Why Nationalist Regimes Are Embracing War Criminals - OZY | A Modern Media Company

WHY YOU SHOULD CARE

A toxic cocktail of masculinity, nationalism and violence is making a growing number of regimes support war murderers.

By Pallabi Munsi

  • From the U.S. to India, Sri Lanka to Saudi Arabia, democracies under nationalist leaders and authoritarian regimes are now embracing war criminals as symbols of support to the military.
  • The shift is a reflection of the marriage between masculinity and nationalism playing out in many of these countries, say experts.

At a February 2016 campaign rally in South Carolina, Donald Trump, then running for president, invoked a false story about Gen. John “Black Jack” Pershing and how he crushed a Muslim insurgency in the Philippines. Pershing took 50 bullets, dipped them in pigs’ blood and executed 49 Muslims in retaliation for Islamic terrorism, Trump declared at the rally. He even tweeted later: “There was no more Radical Islamic Terror for 35 years!” 

Like many other elements of Trump’s campaign rhetoric, his embrace of war crimes wasn’t just hyperbole. As president, Trump pardoned Mathew Golsteyn, an Army Special Forces officer who claimed to the CIA in a job interview that he killed an Afghan detainee whom he believed was a bomb maker. He prevented the demotion of Eddie Gallagher, a Navy SEAL who was acquitted of war crimes charges but was convicted of posing for photographs with a detainee’s corpse. He pardoned Clint Lorance, an Army lieutenant who ordered his unit to fire on unarmed Afghans. And in May this year, Trump pardoned Michael Behenna, a former Army lieutenant who was convicted of killing an unarmed Iraqi detainee.

Matt Golsteyn, 38, is a former special forces officer that is now being investigated for war crimes committed in Afghanistan.

Mathew Golsteyn is a former Army Special Forces officer who admitted to killing an Afghan detainee. He was later pardoned by President Trump.

Source Sarah L. Voisin/The Washington Post via Getty

Yet while Trump’s actions have sparked criticism from veterans and experts alike, they’re in keeping with a growing global pattern. Muscular, nationalist governments are increasingly demonstrating their support for their militaries by overlooking or even rewarding crimes, while others are turning to war criminals to replicate their brutality in other theaters of war.

In April, Sri Lankan President Gotabaya Rajapaksa pardoned Sunil Ratnayake, an army sergeant convicted of the murder of eight Tamil civilians during the country’s 26-year civil war. The U.S. has successfully pressured the Afghan government to release hundreds of Taliban prisoners, including some of the most brutal killers, whose victims include soldiers of coalition forces.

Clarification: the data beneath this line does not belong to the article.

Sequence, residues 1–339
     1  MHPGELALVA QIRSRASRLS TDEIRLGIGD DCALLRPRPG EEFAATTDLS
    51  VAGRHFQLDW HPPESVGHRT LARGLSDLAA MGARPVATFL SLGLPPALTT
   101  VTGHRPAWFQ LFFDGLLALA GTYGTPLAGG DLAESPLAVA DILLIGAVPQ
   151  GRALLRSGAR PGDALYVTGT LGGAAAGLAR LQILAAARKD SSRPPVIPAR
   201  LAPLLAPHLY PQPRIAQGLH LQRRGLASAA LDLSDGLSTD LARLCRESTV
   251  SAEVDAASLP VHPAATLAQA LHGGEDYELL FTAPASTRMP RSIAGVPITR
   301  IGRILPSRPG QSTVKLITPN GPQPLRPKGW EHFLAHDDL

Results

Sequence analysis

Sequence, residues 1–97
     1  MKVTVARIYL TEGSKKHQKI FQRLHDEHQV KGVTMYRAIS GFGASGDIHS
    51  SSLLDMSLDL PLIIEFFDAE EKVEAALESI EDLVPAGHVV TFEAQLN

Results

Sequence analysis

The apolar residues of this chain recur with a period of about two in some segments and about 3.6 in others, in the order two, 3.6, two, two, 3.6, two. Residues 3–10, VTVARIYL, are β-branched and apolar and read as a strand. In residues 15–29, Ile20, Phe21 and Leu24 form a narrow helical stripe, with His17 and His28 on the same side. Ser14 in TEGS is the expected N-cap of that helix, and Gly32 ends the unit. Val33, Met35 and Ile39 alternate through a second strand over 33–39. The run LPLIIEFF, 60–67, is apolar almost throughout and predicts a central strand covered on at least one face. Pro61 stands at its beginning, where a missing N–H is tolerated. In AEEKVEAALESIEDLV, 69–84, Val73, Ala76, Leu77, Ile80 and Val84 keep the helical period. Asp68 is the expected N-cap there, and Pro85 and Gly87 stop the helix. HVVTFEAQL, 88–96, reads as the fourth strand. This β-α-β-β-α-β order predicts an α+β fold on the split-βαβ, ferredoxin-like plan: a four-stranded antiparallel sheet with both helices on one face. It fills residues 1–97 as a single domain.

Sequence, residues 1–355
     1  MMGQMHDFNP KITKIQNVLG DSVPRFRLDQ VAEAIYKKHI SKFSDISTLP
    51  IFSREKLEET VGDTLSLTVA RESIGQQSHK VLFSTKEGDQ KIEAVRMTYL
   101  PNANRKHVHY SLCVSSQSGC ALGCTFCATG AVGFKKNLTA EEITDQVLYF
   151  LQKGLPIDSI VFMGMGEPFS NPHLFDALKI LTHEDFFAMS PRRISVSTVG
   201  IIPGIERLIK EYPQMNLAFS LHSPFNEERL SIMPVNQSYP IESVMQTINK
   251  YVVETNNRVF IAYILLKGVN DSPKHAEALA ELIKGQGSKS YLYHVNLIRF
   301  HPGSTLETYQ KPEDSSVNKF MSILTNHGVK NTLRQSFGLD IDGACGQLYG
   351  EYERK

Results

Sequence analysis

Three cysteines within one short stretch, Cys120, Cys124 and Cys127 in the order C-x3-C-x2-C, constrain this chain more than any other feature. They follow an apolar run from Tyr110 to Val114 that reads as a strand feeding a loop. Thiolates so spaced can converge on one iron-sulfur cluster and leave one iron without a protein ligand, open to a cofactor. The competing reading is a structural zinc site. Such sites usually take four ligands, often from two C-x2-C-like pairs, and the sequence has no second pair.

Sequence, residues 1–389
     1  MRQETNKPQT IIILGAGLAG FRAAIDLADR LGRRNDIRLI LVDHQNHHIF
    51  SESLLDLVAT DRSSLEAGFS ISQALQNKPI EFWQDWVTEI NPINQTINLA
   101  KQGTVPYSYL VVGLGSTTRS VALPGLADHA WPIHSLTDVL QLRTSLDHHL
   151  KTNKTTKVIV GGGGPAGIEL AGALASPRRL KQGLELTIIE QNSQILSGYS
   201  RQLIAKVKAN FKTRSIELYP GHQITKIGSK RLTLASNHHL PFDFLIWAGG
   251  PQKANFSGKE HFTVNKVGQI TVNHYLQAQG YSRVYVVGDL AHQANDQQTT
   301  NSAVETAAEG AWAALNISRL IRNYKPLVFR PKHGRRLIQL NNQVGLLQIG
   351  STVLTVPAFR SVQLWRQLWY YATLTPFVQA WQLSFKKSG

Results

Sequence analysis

India’s Narendra Modi government has awarded a soldier who tied an innocent Kashmiri man to his jeep and paraded him through a town in 2018. And the United Arab Emirates, Saudi Arabia and others are hiring a militia known as the RSF, behind some of the worst crimes in Darfur, to fight in Libya and Yemen.

Nationalism, masculinity and violence are all tied up together.

Ernesto Verdeja, political scientist, University of Notre Dame

If the brutality of these war crimes is at variance with the more sophisticated — though no less dangerous — tools of 21st-century power, such as data and information, financial heft and technology, that’s no coincidence. Carolyn Nordstrom, professor emeritus of anthropology at the Kellogg Institute for International Studies, explains that modern nation-states are built on 19th-century political and economic foundations. And despite their technological advances, they’re in the midst of internal power struggles between old and new approaches. “The old power is using the only tricks it knows by institutionalizing the armed forces,” she says.

Politics is front and center. The White House insists the pardons are meant to “offer second chances to deserving individuals, including those in uniform who have served our country.” But Trump was blunt on Twitter: “We train our boys to be killing machines, then prosecute them when they kill!” 

This pattern of reprieves and rewards for alleged or convicted war criminals is visible in nations with autocratic regimes or democracies that have witnessed an erosion in the rule of law under nationalist governments, acknowledges Ernesto Verdeja, a political scientist at the University of Notre Dame who has been a longtime war crimes watcher. But he points out that motivations across regimes vary.

For Saudi Arabia, for instance, the decision to use a notoriously brutal militia of mercenaries to support its overseas wars is little more than a pragmatic strategic choice. For democracies that formally subscribe to the rule of law, like the U.S. or India, “the audience is fundamentally domestic,” Verdeja says. And for that particular domestic audience, “nationalism, masculinity and violence are all tied up together.”

Charles Anthony Smith, associate professor of political science at University of California, Irvine and author of The Rise and Fall of War Crimes Trials: From Charles I to Bush II, concurs.

“When you get a leader of a country who has constructed a tough-guy image, the reality is, the very bad acts happen against people that these tough guys don’t care about,” Smith says. “They either don’t like their ethnicity or their country of origin, or something like that.” The ones who fail to get justice by such pardons are almost “never the tough guys’ constituents.” 

Leaders such as Trump, Modi and Rajapaksa pitch themselves as their countries’ best hope for law and order. But in reality, they end up defending lawlessness. “By fanning the flames of bigotry, they feel good about what they’re doing,” Smith adds. “It gives them a sense of empowerment.”

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